Spain is also the fourth EU country with the highest rate of inherited poverty risk, according to Eurostat, the EU Statistical Office.
Data on intergenerational poverty indicates that there is a correlation between the financial situation of the household you grew up in and the risk of being poor when you reach adulthood and in Spain, there is a strong link.
The latest statistics available from 2019 show that the at-risk-of-poverty rate for the EU was 23 percent among adults aged 25 to 59 who grew up in a poor financial situation at home when they were 14 years old. This is 9.6 percentage points more than those who come from families without financial problems (13.4 percent).
READ ALSO: Spain’s inflation soars to 29-year high
How the situation in Spain compares with the EU
Spain has become the EU country with the highest risk of poverty among adults who grew up in families with a good financial situation – 16.6 percent.
This was followed by Latvia with 16 percent and Italy with 15.9 percent.
That statistics also show the countries where it is less likely to be poor after growing up in households without economic difficulties. These include the Czech Republic (5.9 percent), Slovakia (7.9 percent) and Finland (8.5 percent).
The overall poverty rate in the EU decreased by 0.1 percentage points between 2011 (13.5 percent) and 2019 (13.4 percent), but the largest increases were seen in Denmark (1.9 points more), Portugal (1.8 points), the Netherlands (1.7 points) and Spain (1.2 points).
On the other hand, the biggest decreases in the poverty rate were seen in Croatia (-4 percent), Lithuania (-3.6 percent), Slovakia (-3.5 percent) and Ireland (-3.2 percent).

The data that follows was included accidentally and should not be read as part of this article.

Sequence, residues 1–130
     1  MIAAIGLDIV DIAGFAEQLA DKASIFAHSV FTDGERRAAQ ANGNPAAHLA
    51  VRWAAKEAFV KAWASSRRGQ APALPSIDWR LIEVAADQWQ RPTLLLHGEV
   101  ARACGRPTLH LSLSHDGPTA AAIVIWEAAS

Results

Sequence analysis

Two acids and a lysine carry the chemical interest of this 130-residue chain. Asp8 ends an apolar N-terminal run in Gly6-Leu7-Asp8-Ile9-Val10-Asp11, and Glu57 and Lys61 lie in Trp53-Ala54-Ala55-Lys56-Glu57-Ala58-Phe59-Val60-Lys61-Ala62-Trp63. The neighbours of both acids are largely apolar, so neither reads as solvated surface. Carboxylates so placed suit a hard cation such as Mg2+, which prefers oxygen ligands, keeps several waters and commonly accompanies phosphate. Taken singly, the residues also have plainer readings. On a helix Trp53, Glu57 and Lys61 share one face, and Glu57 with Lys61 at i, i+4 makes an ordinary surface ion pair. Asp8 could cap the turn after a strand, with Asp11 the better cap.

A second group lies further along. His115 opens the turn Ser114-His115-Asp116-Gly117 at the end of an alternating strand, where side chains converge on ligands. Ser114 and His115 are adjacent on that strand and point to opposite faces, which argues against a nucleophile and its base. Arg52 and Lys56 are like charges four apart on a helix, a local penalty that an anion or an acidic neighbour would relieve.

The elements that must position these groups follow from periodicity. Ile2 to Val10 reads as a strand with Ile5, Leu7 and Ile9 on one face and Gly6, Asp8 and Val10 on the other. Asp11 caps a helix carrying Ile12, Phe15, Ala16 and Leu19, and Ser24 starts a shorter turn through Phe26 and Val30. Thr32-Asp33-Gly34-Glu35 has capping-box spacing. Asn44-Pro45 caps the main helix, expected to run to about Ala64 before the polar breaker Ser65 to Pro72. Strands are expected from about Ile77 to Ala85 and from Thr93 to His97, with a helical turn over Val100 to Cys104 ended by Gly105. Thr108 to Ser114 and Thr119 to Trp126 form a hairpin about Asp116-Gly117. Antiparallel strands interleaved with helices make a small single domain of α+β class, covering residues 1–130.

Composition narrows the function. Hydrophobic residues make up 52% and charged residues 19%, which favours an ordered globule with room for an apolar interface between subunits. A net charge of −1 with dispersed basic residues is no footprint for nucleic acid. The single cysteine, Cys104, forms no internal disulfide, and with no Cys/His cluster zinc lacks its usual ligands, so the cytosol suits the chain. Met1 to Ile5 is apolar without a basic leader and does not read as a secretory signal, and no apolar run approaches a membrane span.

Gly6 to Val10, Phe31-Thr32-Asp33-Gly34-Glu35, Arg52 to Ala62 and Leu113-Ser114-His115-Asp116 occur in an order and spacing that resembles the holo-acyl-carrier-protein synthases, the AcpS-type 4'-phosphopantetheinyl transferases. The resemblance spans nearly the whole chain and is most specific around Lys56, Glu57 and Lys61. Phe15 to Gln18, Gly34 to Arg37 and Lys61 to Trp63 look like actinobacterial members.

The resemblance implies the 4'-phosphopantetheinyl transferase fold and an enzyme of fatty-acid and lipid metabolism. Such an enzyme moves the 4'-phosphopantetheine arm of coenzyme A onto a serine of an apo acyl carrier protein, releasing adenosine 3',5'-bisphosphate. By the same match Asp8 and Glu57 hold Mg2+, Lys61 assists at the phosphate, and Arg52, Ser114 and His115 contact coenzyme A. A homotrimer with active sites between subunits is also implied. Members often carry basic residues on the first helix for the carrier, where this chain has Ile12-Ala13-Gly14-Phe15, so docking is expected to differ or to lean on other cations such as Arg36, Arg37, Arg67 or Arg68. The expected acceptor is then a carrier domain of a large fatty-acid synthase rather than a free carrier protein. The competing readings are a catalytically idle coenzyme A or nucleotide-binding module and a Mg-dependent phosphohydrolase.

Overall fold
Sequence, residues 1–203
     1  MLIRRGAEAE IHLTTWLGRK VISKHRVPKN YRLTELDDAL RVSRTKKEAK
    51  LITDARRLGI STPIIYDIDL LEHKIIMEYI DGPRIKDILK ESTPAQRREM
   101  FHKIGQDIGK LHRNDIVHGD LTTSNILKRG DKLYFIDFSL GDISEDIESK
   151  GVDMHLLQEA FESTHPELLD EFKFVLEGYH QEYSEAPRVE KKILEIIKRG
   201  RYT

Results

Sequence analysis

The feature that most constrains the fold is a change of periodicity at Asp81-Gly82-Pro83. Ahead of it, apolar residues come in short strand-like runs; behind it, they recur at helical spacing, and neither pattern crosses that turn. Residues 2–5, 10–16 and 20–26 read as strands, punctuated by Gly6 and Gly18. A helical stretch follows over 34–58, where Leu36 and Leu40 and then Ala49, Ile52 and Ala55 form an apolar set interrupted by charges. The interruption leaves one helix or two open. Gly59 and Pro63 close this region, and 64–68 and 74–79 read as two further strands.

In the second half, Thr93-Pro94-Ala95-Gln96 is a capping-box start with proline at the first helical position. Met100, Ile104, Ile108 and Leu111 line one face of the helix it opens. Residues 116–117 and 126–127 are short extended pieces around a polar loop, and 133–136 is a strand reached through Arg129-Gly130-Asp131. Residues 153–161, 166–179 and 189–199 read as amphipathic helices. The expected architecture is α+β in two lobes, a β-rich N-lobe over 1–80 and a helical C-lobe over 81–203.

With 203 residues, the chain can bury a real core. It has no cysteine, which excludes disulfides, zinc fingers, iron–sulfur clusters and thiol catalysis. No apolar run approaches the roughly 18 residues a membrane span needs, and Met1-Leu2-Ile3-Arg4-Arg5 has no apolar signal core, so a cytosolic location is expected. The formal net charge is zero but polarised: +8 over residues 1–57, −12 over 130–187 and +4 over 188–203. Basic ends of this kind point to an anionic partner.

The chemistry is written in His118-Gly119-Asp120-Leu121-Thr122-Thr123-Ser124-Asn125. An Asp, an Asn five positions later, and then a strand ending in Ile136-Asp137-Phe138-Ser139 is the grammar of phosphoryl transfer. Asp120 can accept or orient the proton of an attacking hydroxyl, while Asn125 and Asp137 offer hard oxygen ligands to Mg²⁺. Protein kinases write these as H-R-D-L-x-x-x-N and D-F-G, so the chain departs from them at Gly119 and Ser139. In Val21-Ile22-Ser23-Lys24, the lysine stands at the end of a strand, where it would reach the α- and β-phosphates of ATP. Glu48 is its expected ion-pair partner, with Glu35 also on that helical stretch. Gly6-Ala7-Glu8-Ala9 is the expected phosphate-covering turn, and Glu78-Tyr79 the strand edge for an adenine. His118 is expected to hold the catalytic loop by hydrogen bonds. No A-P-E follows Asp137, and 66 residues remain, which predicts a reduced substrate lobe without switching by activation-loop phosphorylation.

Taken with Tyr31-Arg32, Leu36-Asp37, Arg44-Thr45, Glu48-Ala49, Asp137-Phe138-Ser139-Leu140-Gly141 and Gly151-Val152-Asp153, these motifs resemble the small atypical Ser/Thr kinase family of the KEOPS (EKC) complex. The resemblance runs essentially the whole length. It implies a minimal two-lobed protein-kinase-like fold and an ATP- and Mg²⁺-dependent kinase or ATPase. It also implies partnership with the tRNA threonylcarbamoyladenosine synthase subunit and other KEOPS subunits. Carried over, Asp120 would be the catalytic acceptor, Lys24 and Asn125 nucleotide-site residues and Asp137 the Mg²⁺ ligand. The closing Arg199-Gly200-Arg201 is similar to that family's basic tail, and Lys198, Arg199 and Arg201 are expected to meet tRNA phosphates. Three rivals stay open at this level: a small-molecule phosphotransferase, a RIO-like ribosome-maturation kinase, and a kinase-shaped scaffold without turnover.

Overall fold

The stats revealed that Spain was also the fourth country with the highest rate of inherited poverty risk (30 percent), only behind Bulgaria (40.1 percent), Romania (32.7 percent) and Italy (30.7 percent).
This means that children of poor parents in Spain are also likely to be poor in adulthood.
The countries with the lowest rate of inherited poverty risk were the Czech Republic (10.2 percent), Denmark (10.3 percent) and Finland (10.5 percent).
The average risk-of-poverty rate for the EU increased by 2.5 percentage points between 2011 (20.5 percent) and 2019 (23 percent), with the largest increases seen in Bulgaria (6 points more), Slovakia and Romania (4.3 points), Italy (4.2 points) and Spain (4.1 points).
The biggest drops were seen in Latvia (-8.5 points), Estonia (-8.0 points) and Croatia (-2.3 points).
The largest gaps in people at risk of poverty when they reach adulthood were in Bulgaria (27.6 percentage points more among those who belong to families with a poor economic situation as teenagers compared to those who grew up in wealthy households), Romania (17.1), Italy (14.8), Greece (13.5) and Spain (13.4).